Dating clothing clothing

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Wealthy subjects had many fashionable ensembles to choose from, whereas ordinary working-class ancestors usually donned their best outfit, kept for church on Sundays and special occasions.Everyone wished to create a good impression in the treasured photographs that would later be shown to family and friends and might be displayed in an album, or hung on the wall.Having learned in the previous blog how photograph compositions and studio settings changed over the years, we now look closely at what our forebears are wearing in old photographs.In any kind of portrait it is often the subject's clothing that engages us most: fashion history is a fascinating topic and recognising the modes of different eras is an invaluable tool when trying to date unlabelled photographs.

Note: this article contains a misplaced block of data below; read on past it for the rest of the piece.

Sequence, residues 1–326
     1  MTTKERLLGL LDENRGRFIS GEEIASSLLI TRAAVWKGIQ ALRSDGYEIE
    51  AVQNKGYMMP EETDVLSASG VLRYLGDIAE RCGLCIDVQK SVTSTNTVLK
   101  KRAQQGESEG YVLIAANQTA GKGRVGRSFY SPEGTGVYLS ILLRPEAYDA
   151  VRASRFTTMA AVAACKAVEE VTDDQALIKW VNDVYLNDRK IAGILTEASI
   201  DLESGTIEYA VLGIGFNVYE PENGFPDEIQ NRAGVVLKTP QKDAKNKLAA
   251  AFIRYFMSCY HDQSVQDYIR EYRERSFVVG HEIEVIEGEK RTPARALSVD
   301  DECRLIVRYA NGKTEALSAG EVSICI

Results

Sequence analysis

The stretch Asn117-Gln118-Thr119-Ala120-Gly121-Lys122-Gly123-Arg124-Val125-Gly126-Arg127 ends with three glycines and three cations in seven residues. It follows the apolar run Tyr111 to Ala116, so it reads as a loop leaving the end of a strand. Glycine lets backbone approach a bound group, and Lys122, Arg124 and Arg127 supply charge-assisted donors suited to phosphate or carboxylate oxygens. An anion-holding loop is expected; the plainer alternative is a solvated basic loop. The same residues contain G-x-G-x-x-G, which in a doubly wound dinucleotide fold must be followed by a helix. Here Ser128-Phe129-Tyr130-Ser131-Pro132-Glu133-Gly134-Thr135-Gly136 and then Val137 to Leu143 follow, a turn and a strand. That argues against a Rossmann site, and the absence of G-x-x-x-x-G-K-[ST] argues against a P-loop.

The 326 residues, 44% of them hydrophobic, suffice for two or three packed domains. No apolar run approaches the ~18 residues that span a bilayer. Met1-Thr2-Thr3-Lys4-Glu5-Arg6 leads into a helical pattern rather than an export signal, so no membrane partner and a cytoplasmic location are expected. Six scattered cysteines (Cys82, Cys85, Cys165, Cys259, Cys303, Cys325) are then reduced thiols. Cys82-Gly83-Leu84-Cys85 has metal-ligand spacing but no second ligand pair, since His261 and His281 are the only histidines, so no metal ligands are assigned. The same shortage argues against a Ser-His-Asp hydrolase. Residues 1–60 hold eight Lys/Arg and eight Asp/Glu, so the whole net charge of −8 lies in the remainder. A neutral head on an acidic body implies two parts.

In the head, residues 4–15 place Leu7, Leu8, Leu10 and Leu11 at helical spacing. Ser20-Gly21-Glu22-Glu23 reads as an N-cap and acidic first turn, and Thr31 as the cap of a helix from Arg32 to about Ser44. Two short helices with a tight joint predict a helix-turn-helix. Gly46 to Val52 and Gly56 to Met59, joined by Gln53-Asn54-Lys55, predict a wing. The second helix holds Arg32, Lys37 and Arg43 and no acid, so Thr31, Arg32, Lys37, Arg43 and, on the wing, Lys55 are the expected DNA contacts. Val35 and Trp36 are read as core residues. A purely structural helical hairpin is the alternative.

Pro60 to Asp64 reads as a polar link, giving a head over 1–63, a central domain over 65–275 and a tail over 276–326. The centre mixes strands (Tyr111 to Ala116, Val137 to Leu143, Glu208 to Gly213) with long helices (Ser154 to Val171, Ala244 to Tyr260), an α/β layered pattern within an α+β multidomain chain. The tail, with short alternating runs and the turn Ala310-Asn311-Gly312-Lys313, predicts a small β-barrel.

In this series, Jayne Shrimpton, internationally recognised dress historian, portrait specialist, photo detective and regular contributor to Family Tree, Your Family History and Family History Monthly magazines, dates and analyses different types of photographs and helps you to add context to your old family pictures.

Follow Olive Tree Genealogy on See the list of Ten People All Genealogists Should Follow On Twitter Janie Riley is an avid genealogist with a habit of stumbling on to dead bodies.

She and her husband head to Salt Lake City Utah to research Janie's elusive 4th great-grandmother.

This was especially true in the 1840s when men’s clothing offered tightly tailored coats and trousers. What to look for: Single-breasted, semi-fitted coats falling to mid-thigh. Older gentlemen still wore frock coats, but younger conservative men would sometimes do so, as well.

In the early 1840s, shirts contained high straight collars with thin cravats worn in a bow tie style. 1850s men’s fashion was still considered formal, but clothing was looser, less tailored and made a statement with embellishments. Shirt collars were still worn high and starched with tips turned down into wings during the earlier part of the 1890s.

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